Living in: Great waterfront cities
Some cities around the world are intrinsically tied to their harbours, coastlines and bays, their geographic location shaping the way they develop and how their residents interact with the urban landscape and with each other.
Taken from “world’s best” lists in publications such as Travel + Leisure and organisations like Project for Public Spaces, these five cities combine fantastic waterfronts with generously-sized parks, top-notch restaurants and cultural musts, making them truly wonderful places to live, work and visit.
Only one third of the Swedish capital is actually city: the rest is water and parkland spread across 14 islands in Lake Mälaren and the Baltic Sea. Much of the waterfront is easily accessible, from paths and pedestrian areas to the ferries that crisscross the archipelago. Since so much of Stockholm is on the water, almost every neighbourhood is close to the coastline. One of the most sought-after districts is hip Södermalm just south of Gamla stan, the medieval Old Town. Within Södermalm, SoFo (South of Folkungagatan) is known for its trendy shops, cafes and nightlife, and the area around Mariatorget is full of houses with lake views. Also very desirable is calm Kungsholmen, located across Riddarfjärdern bay from Gamla stan, and exclusive Östermalm to the northeast.
The majority of residents own property, and most rentals are sublets as the municipal rental queue is decades long. Although the market is up, the International Monetary Fund recently warned that Sweden is in a housing bubble and warned against low-amortisation mortgages (payments that do not cover the amount of interest due). A townhouse in a popular neighbourhood can cost anywhere from 21.5 million Swedish krona to 43 million SEK, and a less grand single-family house in a popular neighbourhood costs anywhere from 4.3 million SEK to 8.6 million SEK. Most of the available properties are condos and flats, and a typical two-bedroom flat costs around 4.3 million SEK. A three-bed in the city centre around the Old Town rents for around 15,500 SEK a month.
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In addition to its large working port, this city on the Elbe River has more canals than Venice or Amsterdam and the most bridges of any city around the globe, more than 2,000 of them. Water is all around, as are green spaces and parks – in fact, Hamburg was named European Green Capital in 2011. Areas near the water are very popular with home buyers, including the riverside districts of Blankenese and Othmarschen, located west of the city centre in the borough of Altona. Parallel to the river is Elbchaussee, the grand boulevard that runs west from the neighbourhood of Altona-Atlstadt out to Blankenese and is very desirable for its beautiful architecture and views. Around Binnenalster (Inner Alster) and Aussenalster (Outer Alster) – the two urban lakes – the area of Harvestehude is popular, as are Winterhude and Uhlenhorst for their central location.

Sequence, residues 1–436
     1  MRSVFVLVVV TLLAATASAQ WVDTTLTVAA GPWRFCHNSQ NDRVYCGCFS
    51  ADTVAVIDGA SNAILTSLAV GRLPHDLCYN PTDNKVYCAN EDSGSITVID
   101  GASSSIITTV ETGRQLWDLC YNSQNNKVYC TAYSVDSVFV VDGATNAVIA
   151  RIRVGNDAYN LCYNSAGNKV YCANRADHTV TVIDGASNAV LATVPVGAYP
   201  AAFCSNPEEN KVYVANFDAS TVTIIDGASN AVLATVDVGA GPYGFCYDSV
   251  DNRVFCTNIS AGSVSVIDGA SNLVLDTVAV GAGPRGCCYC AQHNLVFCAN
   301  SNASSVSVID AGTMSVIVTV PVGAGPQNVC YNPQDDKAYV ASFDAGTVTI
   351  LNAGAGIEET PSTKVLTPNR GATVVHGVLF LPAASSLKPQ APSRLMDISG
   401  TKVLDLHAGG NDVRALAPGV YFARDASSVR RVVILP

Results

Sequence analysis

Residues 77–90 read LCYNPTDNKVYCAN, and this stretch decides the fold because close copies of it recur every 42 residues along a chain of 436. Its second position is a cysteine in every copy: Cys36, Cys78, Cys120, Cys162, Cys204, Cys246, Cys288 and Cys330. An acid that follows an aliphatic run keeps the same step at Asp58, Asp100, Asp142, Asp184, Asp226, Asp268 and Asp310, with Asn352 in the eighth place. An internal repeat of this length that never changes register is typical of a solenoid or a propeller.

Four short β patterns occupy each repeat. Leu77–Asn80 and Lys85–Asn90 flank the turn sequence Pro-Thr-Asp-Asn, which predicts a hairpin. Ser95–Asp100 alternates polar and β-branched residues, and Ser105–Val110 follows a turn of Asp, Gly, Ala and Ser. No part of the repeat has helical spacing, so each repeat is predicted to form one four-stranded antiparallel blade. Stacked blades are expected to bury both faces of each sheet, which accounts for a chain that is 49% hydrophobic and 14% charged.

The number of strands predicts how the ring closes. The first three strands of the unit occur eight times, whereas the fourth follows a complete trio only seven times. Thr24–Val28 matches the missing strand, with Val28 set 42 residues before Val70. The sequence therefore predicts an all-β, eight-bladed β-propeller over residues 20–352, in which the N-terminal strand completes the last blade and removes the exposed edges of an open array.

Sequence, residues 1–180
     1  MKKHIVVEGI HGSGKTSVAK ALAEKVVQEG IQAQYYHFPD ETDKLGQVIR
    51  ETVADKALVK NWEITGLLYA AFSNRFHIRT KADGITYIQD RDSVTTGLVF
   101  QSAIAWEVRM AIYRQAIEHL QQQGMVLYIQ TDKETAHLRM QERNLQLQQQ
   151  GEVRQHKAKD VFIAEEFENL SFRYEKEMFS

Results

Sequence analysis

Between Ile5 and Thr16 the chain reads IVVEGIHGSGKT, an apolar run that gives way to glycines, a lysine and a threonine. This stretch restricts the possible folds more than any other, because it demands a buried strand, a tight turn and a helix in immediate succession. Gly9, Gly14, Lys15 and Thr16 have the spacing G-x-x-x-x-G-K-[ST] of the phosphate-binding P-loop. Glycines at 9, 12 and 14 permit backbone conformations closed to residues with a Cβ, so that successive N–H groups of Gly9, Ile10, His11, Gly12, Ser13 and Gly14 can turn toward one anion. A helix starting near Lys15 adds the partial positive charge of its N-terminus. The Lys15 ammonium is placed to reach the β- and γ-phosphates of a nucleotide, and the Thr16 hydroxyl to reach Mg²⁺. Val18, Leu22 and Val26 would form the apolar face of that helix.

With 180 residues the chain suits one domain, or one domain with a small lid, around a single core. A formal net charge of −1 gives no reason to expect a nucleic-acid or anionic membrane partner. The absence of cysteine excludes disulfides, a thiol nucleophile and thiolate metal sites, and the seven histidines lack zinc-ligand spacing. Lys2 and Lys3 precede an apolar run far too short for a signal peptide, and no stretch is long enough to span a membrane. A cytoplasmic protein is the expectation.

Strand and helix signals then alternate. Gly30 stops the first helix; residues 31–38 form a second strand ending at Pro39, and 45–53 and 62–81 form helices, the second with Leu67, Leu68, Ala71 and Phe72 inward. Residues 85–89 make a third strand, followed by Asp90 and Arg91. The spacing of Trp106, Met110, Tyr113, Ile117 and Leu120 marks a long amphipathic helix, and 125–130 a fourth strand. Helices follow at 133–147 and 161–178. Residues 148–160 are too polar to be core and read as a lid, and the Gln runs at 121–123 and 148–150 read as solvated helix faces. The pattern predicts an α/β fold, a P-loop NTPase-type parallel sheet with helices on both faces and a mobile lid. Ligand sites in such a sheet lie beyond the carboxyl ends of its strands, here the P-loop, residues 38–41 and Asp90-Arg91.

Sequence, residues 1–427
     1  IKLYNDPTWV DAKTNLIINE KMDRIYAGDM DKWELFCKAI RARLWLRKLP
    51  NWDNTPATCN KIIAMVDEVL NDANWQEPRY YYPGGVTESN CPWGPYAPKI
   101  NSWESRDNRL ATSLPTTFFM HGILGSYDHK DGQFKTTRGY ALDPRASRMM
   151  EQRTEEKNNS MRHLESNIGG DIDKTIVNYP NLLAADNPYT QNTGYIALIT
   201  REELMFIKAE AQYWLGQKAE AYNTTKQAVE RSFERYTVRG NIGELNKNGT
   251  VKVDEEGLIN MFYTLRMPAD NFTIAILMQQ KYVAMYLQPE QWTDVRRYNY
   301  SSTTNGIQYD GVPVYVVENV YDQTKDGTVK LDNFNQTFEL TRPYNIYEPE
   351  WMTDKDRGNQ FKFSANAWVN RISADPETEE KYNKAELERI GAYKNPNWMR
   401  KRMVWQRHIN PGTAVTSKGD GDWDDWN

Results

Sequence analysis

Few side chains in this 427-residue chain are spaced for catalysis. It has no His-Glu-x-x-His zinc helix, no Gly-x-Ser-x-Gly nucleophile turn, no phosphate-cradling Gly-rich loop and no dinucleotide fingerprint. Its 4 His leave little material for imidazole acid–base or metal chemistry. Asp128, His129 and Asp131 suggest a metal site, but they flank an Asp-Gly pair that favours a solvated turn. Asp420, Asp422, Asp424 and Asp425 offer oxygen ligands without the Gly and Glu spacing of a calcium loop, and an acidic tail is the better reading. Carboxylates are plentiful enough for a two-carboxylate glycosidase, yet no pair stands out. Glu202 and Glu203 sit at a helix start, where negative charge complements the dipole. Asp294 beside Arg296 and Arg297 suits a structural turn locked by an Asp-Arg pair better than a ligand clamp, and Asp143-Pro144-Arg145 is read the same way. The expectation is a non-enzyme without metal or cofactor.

Many families look to live in peaceful Alsterdorf in the northeast because of its green spaces and good transport links to the city centre. One of the largest urban developments in Europe, HafenCity, was built right on the harbour, similar to London’s Docklands, and is popular for its location and modern infrastructure. According to the Engel & Völkers 2013 market report, a desirable waterfront house in these areas can cost as much as 15 million euros, while a 90sqm flat sells from 4,500 euros per square metre. Rentals in popular areas – such as a four-room flat in Harvestehude – can reach 25 euros per square metre, while rents in less popular locations cost around 13 to 17 euros per square metre.
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